Dispute over omission of founder prez at labor association centenary party – The New Indian Express

Express press service

ALAPPUZHA: The centenary celebrations of the Travancore Labor Association (TLA), the first registered trade union in the former princely state of Travancore, and its leader Vadapuram Bava have been the subject of controversy with allegations according to which the organizers would have forgotten about the other leaders who were involved in the formation of the association in Alappuzha in 1922.

Bava was the first secretary general of the association and Dr MK Antony Madatilackal was its president. But those celebrating the centenary forgot Antoine’s name. In protest, his supporters paid floral tributes at Anthony’s grave at Mar Sleeva Forane Church in Pazhavnagadi here.

Vadapuram Bava

Professor Abraham Arakal, former principal of Maharaja’s College, Ernakulam, said there was no doubt that Bava was one of the founders of the organization. “However, Antony was the union president and a doctor from Alappuzha. He was a classmate of the freedom fighter Dr. BC Roy and after school joined the British Navy as a doctor during the first World War II. He then went to the UK. He was influenced by the Labor Party there.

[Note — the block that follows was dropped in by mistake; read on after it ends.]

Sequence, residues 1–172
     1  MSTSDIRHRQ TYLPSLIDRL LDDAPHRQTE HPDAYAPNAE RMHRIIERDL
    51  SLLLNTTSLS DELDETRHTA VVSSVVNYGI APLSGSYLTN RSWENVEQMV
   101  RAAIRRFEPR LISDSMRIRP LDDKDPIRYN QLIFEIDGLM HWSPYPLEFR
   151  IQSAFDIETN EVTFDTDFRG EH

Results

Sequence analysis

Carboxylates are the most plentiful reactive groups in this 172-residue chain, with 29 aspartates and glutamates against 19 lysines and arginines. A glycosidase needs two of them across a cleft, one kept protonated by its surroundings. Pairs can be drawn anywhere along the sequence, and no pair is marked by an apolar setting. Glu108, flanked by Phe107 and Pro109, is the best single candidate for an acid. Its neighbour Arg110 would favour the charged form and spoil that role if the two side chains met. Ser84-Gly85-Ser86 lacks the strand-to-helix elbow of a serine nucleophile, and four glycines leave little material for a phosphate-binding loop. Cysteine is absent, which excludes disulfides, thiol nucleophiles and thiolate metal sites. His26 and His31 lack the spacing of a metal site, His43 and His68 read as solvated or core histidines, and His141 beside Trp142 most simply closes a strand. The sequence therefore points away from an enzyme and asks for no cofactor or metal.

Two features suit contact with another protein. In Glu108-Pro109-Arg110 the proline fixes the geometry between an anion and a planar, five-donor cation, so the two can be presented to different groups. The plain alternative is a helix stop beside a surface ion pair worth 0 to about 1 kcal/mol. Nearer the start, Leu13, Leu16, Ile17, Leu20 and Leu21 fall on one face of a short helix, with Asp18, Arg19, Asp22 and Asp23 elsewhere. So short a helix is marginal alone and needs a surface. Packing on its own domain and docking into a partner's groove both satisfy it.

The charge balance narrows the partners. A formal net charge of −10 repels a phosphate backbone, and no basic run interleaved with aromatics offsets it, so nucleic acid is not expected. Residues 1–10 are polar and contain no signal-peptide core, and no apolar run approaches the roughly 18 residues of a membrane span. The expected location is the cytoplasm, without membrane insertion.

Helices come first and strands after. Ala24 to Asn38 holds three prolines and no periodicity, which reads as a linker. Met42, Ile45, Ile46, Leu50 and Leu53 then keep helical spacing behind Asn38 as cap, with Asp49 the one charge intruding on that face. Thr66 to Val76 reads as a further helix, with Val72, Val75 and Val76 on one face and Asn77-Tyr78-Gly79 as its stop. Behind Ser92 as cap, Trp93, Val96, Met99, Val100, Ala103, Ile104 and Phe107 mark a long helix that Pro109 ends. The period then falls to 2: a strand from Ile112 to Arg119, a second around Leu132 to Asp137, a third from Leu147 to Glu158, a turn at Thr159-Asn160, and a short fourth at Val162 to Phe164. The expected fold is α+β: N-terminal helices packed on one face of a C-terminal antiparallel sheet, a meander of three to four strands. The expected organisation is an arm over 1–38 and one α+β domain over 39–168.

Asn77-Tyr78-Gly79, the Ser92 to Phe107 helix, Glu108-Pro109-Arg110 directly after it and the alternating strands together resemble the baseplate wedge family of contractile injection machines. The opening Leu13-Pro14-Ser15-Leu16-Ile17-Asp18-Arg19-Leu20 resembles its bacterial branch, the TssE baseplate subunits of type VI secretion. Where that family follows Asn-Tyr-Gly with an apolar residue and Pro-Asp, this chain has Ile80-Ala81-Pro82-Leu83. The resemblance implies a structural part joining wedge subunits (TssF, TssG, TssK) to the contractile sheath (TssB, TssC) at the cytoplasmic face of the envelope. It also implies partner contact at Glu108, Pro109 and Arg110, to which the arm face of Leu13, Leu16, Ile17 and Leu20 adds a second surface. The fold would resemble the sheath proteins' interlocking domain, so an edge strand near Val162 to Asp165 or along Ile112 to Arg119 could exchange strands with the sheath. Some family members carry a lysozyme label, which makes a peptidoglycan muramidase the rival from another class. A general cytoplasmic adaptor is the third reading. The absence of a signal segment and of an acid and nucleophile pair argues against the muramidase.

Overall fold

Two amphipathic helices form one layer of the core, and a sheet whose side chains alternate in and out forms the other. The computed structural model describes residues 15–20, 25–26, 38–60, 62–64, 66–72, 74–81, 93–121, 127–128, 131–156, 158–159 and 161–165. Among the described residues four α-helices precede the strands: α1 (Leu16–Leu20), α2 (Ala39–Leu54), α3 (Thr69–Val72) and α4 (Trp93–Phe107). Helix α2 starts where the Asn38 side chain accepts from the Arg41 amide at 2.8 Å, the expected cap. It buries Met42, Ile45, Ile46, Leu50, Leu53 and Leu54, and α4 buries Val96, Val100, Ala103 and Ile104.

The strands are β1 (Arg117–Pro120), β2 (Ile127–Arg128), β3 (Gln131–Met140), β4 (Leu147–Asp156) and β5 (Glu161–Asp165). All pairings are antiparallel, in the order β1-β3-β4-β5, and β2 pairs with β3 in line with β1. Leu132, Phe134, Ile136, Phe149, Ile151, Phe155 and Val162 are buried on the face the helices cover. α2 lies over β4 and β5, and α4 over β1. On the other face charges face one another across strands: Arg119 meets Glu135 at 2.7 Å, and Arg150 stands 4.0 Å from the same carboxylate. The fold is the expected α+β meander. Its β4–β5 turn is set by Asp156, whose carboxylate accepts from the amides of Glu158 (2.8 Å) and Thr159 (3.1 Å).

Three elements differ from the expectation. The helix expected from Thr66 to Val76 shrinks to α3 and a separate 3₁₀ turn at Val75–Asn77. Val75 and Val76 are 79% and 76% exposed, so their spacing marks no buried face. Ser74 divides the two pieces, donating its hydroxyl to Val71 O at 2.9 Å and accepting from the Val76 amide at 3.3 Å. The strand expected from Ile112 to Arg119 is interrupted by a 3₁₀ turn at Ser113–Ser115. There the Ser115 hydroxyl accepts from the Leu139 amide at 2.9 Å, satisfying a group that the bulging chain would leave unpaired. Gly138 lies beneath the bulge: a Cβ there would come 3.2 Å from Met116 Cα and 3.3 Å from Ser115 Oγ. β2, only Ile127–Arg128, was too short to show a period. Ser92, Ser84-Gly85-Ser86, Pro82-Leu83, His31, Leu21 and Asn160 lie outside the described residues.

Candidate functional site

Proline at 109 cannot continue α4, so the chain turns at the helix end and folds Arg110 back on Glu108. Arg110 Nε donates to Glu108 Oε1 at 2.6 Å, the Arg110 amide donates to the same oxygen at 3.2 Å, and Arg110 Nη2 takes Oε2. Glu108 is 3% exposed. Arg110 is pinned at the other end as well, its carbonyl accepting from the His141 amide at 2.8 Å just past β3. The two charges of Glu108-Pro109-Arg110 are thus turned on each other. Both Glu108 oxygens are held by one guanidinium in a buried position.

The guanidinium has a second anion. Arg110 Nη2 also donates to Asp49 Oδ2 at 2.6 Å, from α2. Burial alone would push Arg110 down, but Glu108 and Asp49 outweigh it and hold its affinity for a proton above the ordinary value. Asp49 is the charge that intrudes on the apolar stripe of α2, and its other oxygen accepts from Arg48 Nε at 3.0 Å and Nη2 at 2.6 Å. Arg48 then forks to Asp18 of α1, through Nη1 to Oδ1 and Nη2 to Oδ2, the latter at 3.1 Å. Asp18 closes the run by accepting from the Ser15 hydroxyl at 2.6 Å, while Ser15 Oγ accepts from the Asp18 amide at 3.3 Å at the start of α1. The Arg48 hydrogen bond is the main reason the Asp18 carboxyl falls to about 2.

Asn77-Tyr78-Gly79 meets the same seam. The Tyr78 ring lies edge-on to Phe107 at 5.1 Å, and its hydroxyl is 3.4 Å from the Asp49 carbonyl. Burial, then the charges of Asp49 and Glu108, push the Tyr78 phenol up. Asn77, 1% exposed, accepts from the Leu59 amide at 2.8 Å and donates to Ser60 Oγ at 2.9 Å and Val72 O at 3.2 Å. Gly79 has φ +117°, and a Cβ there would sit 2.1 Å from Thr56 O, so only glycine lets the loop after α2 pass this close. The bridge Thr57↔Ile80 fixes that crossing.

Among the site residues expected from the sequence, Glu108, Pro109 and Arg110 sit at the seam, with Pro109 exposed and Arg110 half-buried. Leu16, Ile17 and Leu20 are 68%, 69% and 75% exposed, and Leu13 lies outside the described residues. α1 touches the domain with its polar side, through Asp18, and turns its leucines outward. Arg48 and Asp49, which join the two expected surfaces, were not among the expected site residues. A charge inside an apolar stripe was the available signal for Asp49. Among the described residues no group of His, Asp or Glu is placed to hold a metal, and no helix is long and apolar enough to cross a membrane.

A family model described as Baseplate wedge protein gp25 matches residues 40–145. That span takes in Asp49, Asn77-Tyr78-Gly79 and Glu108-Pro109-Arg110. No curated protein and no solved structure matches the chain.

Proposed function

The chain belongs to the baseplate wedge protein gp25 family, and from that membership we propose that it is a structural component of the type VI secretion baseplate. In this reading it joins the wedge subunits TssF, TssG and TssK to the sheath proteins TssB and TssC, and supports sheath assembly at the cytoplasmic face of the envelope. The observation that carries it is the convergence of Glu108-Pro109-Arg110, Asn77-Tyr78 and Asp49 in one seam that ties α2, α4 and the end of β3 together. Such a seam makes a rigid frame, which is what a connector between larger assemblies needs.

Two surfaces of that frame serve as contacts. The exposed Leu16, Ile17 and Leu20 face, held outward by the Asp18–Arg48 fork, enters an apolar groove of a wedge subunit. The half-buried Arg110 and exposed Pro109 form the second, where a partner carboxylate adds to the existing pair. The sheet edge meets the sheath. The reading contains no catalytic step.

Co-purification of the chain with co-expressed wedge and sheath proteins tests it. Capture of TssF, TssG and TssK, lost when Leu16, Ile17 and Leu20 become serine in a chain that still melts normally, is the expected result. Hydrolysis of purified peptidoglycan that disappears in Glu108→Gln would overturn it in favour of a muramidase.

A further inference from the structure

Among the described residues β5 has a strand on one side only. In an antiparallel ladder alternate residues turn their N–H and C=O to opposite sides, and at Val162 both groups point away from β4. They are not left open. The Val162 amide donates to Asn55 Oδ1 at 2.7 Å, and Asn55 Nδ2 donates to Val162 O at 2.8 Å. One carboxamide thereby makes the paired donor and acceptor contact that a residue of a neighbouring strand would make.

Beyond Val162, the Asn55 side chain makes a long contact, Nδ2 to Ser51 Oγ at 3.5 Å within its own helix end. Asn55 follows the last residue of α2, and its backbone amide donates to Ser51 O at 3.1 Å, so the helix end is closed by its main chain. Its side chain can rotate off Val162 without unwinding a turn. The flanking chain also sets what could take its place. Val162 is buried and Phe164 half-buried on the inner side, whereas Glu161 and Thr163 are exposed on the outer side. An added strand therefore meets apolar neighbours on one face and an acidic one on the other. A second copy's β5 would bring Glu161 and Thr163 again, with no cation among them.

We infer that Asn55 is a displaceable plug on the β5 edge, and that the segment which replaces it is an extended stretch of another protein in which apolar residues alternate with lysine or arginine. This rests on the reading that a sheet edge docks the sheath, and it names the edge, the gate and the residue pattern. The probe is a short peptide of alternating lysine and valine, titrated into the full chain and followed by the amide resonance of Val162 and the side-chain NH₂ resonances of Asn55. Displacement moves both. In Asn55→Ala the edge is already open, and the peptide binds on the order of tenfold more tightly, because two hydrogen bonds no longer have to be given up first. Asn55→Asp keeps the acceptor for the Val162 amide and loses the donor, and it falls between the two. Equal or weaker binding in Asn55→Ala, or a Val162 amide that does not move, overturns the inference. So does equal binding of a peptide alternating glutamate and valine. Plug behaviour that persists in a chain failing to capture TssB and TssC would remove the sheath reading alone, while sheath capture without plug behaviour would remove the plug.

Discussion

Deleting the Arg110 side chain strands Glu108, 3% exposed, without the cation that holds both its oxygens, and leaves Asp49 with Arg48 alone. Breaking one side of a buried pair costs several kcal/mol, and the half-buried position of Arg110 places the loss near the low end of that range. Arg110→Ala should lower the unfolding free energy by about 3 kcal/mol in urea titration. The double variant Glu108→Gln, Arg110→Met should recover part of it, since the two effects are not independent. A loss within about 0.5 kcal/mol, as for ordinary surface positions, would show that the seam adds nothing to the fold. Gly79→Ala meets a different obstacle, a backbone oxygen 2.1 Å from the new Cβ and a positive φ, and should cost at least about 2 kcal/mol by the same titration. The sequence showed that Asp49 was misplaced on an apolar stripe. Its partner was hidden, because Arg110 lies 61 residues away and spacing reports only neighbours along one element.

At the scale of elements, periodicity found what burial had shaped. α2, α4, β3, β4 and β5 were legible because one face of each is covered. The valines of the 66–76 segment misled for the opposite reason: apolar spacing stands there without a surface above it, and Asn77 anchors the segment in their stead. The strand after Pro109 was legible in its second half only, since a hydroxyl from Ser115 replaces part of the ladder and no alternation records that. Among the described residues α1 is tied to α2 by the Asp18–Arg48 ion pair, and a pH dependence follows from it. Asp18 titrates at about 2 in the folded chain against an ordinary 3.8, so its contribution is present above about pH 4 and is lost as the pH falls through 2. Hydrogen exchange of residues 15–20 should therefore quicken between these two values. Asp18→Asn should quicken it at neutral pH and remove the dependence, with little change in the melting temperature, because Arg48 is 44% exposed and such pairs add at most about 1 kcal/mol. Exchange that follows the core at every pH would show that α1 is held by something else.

He also studied Fabian socialism and labor movements in Britain, returned to Travancore in 1915 and engaged in trade union activities in Alappuzha. He was the intellectual source of the association. But the organizers forgot his name,” he said.

“He later became a successful Travancore industrialist with the start of Mar Thoma Rubber Company. His industrial connections may be the reason his role in the association has been overlooked,” Abraham said. CPI and the Vadapuram Bava Foundation organized events to celebrate the century of the union and its leaders.

Sajeev Janardhanan, chairman of the foundation, said the Indian Council of Historical Research decided to include Bava as a freedom fighter. “CPI, which had distanced itself from Bava for more than 50 years, is now celebrating the centenary and trying to portray it as a communist,” he said.

CPI District Secretary TJ Anjalose said organizers had mentioned the names of the association’s leaders, but the story placed a lot of emphasis on Bava. “We also plan to release the story, including the role of Antony and other leaders, ahead of the AITUC state meeting this year,” Anjalose said.

Andrew B. Reiter